[Solved] Detecting Player in Multiple, Sometimes Overlapping "Light" Areas

tristonhopkins

  • Posts: 69
So for my current project, shadows and light are a huge gameplay aspect.  I need to be able to detect when the player is in an area that is lit up (a radial area defines the light source, so a radial area would work best for detection as well) and some of the lighted areas overlap.

I'm trying to use distance to the center of the light source to define the "light value", because the farther from the center of the light source, the darker the light is.  When the player is within two areas that overlap, I need it to calculate the distance within both areas, again, the light value, and then put that into one number that I can use to determine how visible the player is.

I tried using the basic [absolute value of [(Actor1 X - Actor2 X) ^ 2]] + [absolute value of [(Actor1 Y - Actor2 Y)] ^ 2]] for each light source and then adding them into a game attribute, but the number just continually increases, and I would like to be able to define the detected area the same way I use the draw circle block for the light source (ie: a radius of 32 would be the same in both)

I really hope I'm making some sense, and if not, please let me know where I need to elaborate.  Thanks! :)

« Last Edit: October 09, 2012, 11:45:49 am by tristonhopkins »

Hectate

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  • Posts: 4643
If you used the true Pythagorean Theorem you could get the distance as an exact value to compare to the radius.  Combine that with the For Each Actor of Type block and you can look at the distance to all of them. Just ignore values greater than the radius.
:
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Patience is a Virtue,
But Haste is my Life.
Proud member of the League of Idiotic Stencylers; doing things in Stencyl that probably shouldn't be done.

tristonhopkins

  • Posts: 69
I'm trying to understand how to implement your advice but I can't figure out how to get it to not add the distance to every light source.  I only want them added to the total if the player is within their radius.  I'm also trying to add in such a way that the center of a light source equals 256, for example, and the edge of the radius of the light source equals 0.  Outside of a light source should always equal 0.  I'm rattling my brain trying to figure out how to get it to work right.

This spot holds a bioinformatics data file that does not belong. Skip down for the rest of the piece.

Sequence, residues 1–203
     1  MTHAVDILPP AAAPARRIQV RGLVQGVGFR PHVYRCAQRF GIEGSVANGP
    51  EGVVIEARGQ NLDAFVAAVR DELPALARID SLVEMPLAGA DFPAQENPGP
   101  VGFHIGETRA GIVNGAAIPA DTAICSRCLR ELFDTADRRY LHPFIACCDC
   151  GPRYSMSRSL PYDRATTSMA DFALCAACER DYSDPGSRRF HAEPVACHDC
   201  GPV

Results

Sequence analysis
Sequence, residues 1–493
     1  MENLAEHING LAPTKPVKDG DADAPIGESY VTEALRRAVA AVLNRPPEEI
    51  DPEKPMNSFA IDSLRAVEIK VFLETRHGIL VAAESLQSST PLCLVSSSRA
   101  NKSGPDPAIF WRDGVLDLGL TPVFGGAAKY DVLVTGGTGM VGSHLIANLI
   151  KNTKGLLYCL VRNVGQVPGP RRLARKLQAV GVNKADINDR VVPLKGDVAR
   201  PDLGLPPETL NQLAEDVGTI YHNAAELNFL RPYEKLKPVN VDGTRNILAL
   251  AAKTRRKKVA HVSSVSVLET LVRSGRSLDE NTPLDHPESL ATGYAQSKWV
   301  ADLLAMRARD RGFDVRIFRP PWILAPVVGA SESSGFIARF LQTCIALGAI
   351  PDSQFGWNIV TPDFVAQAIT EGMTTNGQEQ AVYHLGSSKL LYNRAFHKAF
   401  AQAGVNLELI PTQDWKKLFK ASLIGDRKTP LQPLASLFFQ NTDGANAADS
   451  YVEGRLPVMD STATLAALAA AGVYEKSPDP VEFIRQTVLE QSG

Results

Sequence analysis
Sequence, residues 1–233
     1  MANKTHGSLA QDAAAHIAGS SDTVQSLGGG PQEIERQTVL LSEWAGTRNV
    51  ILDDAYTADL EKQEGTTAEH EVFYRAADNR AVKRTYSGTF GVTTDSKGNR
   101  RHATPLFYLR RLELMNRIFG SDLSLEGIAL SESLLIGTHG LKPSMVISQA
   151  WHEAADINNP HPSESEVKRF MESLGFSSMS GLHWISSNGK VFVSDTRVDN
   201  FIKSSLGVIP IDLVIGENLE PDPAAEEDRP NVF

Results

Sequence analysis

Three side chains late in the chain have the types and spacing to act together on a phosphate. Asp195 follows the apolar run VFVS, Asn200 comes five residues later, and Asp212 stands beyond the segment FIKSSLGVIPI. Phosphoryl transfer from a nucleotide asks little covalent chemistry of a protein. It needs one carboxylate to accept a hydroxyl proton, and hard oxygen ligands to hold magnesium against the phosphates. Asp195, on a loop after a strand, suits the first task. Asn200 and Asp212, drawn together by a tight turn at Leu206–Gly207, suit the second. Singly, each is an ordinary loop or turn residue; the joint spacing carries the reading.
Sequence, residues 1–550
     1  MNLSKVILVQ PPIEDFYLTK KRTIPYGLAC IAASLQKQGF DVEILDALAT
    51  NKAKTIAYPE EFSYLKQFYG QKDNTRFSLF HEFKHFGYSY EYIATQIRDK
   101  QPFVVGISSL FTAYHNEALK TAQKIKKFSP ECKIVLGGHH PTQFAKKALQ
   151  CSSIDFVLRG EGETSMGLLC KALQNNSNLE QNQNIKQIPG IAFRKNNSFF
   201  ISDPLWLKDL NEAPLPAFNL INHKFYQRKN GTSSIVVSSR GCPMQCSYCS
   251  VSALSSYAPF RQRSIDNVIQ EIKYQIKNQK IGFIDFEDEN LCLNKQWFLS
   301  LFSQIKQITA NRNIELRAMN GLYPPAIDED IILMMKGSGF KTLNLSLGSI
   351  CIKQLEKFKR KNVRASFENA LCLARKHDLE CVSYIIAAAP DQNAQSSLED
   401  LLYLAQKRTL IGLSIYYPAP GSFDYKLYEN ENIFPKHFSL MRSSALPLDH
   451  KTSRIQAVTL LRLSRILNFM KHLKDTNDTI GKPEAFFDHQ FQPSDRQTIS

Not sure if it'll be of any help but here's an attempt at showing what I'm talking about.  The area in the middle of the lights, since they're overlapping, should be added together.  At least, when the player is within that area, of course.

« Last Edit: October 08, 2012, 07:52:58 pm by tristonhopkins »

tristonhopkins

  • Posts: 69
Spent almost my entire night trying to figure this out with no luck.  I'm about to slam my head on my desk.

captaincomic

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  • Posts: 6109
So if you want to know the light intensity of some point in the room, you would have to measure the distance to all light sources, convert it somehow to intensity and then add it up.

In your image it looks like the light is 256 at the source and 0 when you are about 64 pixels away.
To get this you can do
intensity = 256 - distance * 256/64 = 256 - distance * 4
or better, to prevent it from getting negative
intensity = larger of (256 - distance * 4, 0)

Something like this:
<set Total Intensity to 0>
<for each actor of type <Light>>
  <set Distance to <sqrt <<<<x-center of <Self>> - <x-center of <actor of type>>>^2>
     + <<<y-center of <Self>> - <y-center of <actor of type>>>^2>>
  <set Intensity to <larger of <256 - <Distance> * 4> and 0>>
  <set Total Intensity to <<Total Intesity> + <Intesity>>>


tristonhopkins

  • Posts: 69
Awesome, thank you.  I just got in bed when I got notified of your reply.  Quite tempted to get up and try this out.

Hectate

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  • Posts: 4643
To help you see why you'd be using that exact math here is a brief explanation of what is happening so you know how/why to use this in the future;

1. If you divide the current distance by the max distance you get a result expressed as a decimal.
Code: [Select]
Distance / MaxDistance = DistanceFactorFor example, at a distance of 16 pixels with a max distance of 64...
Code: [Select]
16 / 64 = .25
2. Since your DistanceFactor is now a decimal, it is functionally a percentage of any value that is multiplied by it.
Code: [Select]
DistanceFactor * MaxIntensity = IntensityExcept if we do this calculation we get a wrong value!
Code: [Select]
.25 * 256 = 64 intensity //we need it to be 192!
3. Why? Because .25 is 25% but the percent you actually want is 75% (1/4 distance is 3/4 intensity). We need to reverse the DistanceFactor for the value to increase to the center and decrease to the outside.